In all, 20 states, 47 interest groups and more than 70 legislators have filed briefs with the federal district court arguing myriad positions in the case.
Opponents and supporters of the Patient Protection and Affordable Care Act squared off in a Pensacola, Florida, courtroom Dec. 16, arguing over whether Congress has the power to mandate private individuals to buy health insurance and to force states to expand their Medicaid programs.
Both provisions are critical to the reform law’s goal of expanding insurance coverage to 32 million Americans, but critics say Democrats in power overstepped their constitutional powers in trying to achieve it. In all, 20 states, 47 interest groups and more than 70 legislators have filed briefs with the federal district court arguing myriad positions in the case.
“The statute inflicts more damage on the Constitution than any other statute in American history. It threatens to warp the very key architectural elements of our constitutional system,” including undermining individual liberty and state sovereignty, said Baker Hostetler attorney David Rivkin.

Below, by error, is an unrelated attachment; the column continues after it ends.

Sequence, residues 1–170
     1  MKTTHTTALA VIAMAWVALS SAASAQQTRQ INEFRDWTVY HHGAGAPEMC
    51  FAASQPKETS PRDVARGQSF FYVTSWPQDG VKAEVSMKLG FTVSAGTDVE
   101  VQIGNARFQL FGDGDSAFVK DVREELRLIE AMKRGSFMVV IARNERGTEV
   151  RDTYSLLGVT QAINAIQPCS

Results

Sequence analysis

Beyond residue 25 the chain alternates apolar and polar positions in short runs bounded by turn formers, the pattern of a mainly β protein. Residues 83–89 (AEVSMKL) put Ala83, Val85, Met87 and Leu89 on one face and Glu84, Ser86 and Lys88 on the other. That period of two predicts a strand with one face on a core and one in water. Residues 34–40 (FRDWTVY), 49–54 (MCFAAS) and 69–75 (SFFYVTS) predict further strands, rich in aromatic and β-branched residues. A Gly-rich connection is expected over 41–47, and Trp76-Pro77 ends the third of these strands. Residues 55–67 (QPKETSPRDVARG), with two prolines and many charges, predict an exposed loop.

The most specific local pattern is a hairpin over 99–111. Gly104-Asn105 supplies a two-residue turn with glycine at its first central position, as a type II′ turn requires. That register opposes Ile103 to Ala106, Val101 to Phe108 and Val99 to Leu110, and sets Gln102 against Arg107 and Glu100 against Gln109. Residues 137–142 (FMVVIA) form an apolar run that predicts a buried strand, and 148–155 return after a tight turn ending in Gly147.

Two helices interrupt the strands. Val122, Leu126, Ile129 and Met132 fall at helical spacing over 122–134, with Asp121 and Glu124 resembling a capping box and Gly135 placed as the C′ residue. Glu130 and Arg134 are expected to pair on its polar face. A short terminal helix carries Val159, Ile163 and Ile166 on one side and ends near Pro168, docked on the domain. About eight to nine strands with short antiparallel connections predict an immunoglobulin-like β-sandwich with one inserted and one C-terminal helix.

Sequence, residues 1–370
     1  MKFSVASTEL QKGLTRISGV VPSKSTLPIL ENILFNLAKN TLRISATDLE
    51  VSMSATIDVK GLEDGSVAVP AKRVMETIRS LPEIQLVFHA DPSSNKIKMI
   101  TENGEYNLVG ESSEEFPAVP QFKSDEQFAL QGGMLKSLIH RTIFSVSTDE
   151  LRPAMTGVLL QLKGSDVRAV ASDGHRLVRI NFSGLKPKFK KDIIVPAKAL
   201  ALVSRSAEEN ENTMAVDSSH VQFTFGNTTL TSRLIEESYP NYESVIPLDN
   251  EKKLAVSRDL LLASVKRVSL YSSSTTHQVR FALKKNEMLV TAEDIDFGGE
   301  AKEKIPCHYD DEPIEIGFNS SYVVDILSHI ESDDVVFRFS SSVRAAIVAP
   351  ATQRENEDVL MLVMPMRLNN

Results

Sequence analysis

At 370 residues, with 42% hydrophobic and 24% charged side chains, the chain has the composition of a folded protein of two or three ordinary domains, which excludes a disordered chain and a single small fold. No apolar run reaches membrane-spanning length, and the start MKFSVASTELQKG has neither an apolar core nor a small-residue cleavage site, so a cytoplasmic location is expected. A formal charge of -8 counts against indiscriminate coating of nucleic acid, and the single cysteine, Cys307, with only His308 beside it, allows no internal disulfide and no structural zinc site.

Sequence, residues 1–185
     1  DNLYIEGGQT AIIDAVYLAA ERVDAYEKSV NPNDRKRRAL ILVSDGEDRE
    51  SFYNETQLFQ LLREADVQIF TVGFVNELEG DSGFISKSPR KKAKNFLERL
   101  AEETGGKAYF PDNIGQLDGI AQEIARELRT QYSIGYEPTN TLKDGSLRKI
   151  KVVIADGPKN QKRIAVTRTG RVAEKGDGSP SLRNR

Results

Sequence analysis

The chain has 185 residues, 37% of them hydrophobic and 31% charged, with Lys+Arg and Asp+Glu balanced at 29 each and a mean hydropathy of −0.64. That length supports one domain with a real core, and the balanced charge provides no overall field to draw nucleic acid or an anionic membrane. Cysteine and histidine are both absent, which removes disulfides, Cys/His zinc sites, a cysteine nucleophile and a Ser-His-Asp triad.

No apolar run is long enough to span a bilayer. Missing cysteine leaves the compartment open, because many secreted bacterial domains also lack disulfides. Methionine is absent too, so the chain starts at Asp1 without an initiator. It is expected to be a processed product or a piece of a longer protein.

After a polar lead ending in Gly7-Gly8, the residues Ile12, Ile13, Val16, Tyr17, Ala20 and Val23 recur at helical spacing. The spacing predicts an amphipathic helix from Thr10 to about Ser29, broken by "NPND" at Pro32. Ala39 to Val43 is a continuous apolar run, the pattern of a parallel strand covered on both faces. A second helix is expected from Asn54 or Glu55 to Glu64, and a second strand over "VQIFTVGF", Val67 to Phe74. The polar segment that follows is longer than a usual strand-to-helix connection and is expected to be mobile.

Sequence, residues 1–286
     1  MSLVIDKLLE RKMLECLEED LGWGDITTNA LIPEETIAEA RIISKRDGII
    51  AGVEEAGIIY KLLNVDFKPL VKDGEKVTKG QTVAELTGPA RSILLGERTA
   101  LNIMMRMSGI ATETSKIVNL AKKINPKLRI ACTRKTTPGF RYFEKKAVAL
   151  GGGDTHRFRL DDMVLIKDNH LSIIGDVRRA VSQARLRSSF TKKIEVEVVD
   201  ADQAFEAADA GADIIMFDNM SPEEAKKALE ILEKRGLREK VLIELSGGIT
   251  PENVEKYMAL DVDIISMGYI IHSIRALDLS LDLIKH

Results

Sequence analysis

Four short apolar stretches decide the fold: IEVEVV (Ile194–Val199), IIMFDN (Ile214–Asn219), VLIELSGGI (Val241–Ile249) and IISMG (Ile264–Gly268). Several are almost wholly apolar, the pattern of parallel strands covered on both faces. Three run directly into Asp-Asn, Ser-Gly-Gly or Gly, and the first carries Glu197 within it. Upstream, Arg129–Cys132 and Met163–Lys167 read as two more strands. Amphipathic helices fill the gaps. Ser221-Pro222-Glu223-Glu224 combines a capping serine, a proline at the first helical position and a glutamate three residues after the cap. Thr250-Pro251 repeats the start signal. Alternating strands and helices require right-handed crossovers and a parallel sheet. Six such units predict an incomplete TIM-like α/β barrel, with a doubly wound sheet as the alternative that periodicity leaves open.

Rivkin argued on behalf of Florida Attorney General Bill McCollum and the 19 other states asking U.S. District Judge Roger Vinson to strike down the reform law. Meanwhile, Ron Pollack attended the hearing as executive director of Families USA, which filed a brief in the case.
“When you heard the attorneys general from Florida and Texas, they kept on using the words ‘freedom’ and ‘liberty,’ ” Pollack said in a conference call. “There is a converse to that. There is also the freedom and liberty of people who did exercise their personal responsibility [to have insurance] and are having other people’s health care bill foisted upon them.”
In a separate case on Dec. 13, U.S. District Judge Henry Hudson of Richmond, Virginia, ruled that the insurance mandate is unconstitutional, contradicting two previous judicial decisions in other federal district courts. Experts say the case will likely be decided by the U.S. Supreme Court.